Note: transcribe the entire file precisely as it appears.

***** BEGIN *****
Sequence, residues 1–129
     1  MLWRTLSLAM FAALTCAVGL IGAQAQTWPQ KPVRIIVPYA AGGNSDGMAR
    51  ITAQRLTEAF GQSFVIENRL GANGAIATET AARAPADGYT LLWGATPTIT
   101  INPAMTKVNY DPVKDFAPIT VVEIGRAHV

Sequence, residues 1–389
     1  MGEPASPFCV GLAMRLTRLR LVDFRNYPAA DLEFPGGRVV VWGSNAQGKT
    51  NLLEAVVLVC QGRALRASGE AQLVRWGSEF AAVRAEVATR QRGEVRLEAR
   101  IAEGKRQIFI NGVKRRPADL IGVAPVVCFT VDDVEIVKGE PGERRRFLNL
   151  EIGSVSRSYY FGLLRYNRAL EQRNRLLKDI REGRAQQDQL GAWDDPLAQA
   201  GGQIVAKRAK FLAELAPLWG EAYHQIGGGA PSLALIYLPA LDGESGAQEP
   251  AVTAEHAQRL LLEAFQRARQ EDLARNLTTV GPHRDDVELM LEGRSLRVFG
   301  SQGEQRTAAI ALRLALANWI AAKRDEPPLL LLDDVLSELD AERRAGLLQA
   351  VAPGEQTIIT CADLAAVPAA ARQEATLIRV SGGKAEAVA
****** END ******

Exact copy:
Sequence, residues 1–129
     1  MLWRTLSLAM FAALTCAVGL IGAQAQTWPQ KPVRIIVPYA AGGNSDGMAR
    51  ITAQRLTEAF GQSFVIENRL GANGAIATET AARAPADGYT LLWGATPTIT
   101  INPAMTKVNY DPVKDFAPIT VVEIGRAHV

Sequence, residues 1–389
     1  MGEPASPFCV GLAMRLTRLR LVDFRNYPAA DLEFPGGRVV VWGSNAQGKT
    51  NLLEAVVLVC QGRALRASGE AQLVRWGSEF AAVRAEVATR QRGEVRLEAR
   101  IAEGKRQIFI NGVKRRPADL IGVAPVVCFT VDDVEIVKGE PGERRRFLNL
   151  EIGSVSRSYY FGLLRYNRAL EQRNRLLKDI REGRAQQDQL GAWDDPLAQA
   201  GGQIVAKRAK FLAELAPLWG EAYHQIGGGA PSLALIYLPA LDGESGAQEP
   251  AVTAEHAQRL LLEAFQRARQ EDLARNLTTV GPHRDDVELM LEGRSLRVFG
   301  SQGEQRTAAI ALRLALANWI AAKRDEPPLL LLDDVLSELD AERRAGLLQA
   351  VAPGEQTIIT CADLAAVPAA ARQEATLIRV SGGKAEAVA